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The Art of Album Covers

Is music an audio painting? Allowing our ears and minds to be infiltrated by sonic masterpieces? Music is about more than solely sound – there’s the audience element and the magical experience of live listening, music-inspired fashion movements, as well as album cover art and how digesting that visual component contributes to a phenomenal album.  In fact, album cover art is often the primal key to the album lock, sparking intrigue about the contents of the record.

 

Album cover art has been influencing music culture for decades. For example, since The Beatles Abbey Road album came out, fans have flocked to London to recreate the iconic cover shot, and it’s become a sort of music cultural must. Also, for millennial music mavens, remember pulling the cover art out of beloved CD cases and absorbing all of the artistic finds inside and how that was often a past time during listening parties?

 

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The Beatles Abbey Road album

 

If you’re a long-time music fan or if you were at Governor’s Ball festival in NYC this summer, you’ve undoubtedly come across Brett Kilroe’s work as the artist has created some of the most iconic album covers over the past two decades. According to The New Yorker, “Brett was responsible for the visual design and branding of acts ranging from Kings of Leon and Foo Fighters to Missy Elliott and Taylor Swift. The iconic cover of Ol’ Dirty Bastard’s solo début, ‘Return to the 36 Chambers,’ featuring the rapper’s face on a public-assistance I.D. card? That’s Kilroe’s work. The wildly different, equally striking English and American covers of the Strokes’ album ‘Is This It’? Those are his, too.”

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Ol’ Dirty Bastard’s ‘Return to the 36 Chambers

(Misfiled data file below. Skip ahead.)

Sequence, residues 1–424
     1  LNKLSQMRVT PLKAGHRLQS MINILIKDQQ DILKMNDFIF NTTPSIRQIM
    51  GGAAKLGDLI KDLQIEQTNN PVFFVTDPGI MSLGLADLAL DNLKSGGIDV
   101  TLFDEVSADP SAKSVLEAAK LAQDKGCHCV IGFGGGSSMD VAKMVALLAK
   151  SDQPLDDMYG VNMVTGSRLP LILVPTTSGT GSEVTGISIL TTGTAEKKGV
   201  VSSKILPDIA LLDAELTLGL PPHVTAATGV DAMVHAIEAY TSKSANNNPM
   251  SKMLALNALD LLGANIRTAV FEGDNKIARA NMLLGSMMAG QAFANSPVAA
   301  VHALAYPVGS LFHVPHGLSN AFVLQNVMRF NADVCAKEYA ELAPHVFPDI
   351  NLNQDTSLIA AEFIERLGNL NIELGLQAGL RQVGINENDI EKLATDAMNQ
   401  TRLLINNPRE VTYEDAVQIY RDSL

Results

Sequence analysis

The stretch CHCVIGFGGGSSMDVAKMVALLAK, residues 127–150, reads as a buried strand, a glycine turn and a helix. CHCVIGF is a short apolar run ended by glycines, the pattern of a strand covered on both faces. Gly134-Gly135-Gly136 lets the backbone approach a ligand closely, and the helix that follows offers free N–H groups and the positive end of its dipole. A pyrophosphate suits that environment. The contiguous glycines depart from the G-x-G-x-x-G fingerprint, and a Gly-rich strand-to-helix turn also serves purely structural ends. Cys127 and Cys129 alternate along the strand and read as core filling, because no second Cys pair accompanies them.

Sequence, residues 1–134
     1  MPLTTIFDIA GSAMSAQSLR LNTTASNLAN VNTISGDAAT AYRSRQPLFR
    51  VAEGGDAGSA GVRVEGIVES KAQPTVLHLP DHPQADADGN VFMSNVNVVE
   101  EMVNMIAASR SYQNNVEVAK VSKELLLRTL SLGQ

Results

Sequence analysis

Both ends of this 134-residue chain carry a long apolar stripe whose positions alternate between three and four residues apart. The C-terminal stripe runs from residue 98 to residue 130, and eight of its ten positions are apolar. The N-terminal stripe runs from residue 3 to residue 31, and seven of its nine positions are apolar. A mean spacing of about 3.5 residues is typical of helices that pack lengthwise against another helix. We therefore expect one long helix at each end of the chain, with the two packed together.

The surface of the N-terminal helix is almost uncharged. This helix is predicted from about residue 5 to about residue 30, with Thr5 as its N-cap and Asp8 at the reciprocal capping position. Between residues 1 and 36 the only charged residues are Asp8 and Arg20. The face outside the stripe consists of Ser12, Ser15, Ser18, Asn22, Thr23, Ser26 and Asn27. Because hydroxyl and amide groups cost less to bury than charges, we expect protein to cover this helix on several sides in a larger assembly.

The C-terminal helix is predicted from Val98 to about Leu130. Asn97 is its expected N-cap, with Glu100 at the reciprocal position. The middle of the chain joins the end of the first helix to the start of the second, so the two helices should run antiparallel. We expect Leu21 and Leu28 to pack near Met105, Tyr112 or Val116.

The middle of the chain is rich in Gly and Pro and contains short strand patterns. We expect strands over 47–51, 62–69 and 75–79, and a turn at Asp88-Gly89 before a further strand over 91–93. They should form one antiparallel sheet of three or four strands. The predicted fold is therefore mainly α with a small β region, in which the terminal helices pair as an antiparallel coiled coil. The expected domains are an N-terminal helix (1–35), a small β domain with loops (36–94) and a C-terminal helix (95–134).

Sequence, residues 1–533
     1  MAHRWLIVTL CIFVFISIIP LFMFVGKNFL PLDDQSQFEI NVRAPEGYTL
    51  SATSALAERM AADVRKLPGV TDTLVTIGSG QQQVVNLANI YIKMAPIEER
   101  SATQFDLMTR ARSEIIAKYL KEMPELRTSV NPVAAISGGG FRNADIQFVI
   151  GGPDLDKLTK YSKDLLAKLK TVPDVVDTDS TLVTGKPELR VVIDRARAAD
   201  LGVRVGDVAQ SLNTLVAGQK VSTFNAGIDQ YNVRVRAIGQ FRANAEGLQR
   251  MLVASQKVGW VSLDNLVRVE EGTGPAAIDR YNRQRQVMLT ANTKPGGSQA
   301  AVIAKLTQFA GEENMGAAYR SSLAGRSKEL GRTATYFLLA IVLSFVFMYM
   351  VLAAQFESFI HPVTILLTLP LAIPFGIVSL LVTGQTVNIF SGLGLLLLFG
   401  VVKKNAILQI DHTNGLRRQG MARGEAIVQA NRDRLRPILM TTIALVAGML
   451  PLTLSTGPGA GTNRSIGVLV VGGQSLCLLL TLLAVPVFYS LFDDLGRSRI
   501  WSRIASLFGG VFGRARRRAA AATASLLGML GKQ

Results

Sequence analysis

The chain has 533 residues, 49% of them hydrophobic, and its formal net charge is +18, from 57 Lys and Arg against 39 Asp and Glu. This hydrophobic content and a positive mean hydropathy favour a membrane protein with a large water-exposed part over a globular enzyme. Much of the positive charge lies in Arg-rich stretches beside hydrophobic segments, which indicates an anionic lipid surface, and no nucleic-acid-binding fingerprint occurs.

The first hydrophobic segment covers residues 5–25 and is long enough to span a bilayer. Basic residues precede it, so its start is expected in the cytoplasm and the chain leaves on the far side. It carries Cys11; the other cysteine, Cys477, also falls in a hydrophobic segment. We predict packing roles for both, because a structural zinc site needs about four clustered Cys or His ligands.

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The Strokes Is This It album

 

Brett Kilroe was a GRAMMY nominated and respected designer, artist, creative director, teacher, and friend. Born and raised in Alberta, Canada, Kilroe was a resident of New York City for 23 years but remained close to his Canadian roots which greatly influenced his work and viewpoint. After living and working with cancer for four years, Kilroe passed on March 24th; in his final days, he was able to express gratitude to his many collaborators and began planning an exhibition in New York City of the work they created together.

 

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Alabama Shakes debut studio album, Boys & Girls
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Kings of Leon Only By The Night Vinyl Packaging; Photo: Dan Winters

 

In the beginning of June, A&E Studios in New York City hosted exhibition Windermere: A Celebration of the Life and Work of Brett Robinson Kilroe, letting attendees steal a glimpse into how some these covers came to life and how many talented people across all creative fields were inspired by Kilroe.  The exhibition was curated by a group of Kilroe’s close friends and collaborators who are incredible talents in their respective fields. They chose work that displayed the breadth of Kilroe’s talents, alongside elements of what went on behind the scenes in the process of taking an idea all the way to its end product – including notes on previous drafts and proofs before printing, from concept sketches pulled from his notebooks to a scale recreation of his living room where so many of the ideas came to life.

 

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Windermere: A Celebration of the Life and Work of Brett Robinson Kilroe, Photo: Tracy Boychuk

 

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Windermere: A Celebration of the Life and Work of Brett Robinson Kilroe, Photo: Doug Biro

 

Kilroe’s admirers were able to come together to honor his creativity and celebrate the art of music during the exhibition.

 

Album covers have served many purposes and have transformed over time. From big splashy vinyls to the modern digital icon we see on our phones, we can appreciate how significant cover art can be. Brett Kilroe’s timeless legacy of blending art and music certainly reflects that notion and allows us to appreciate all types of music art.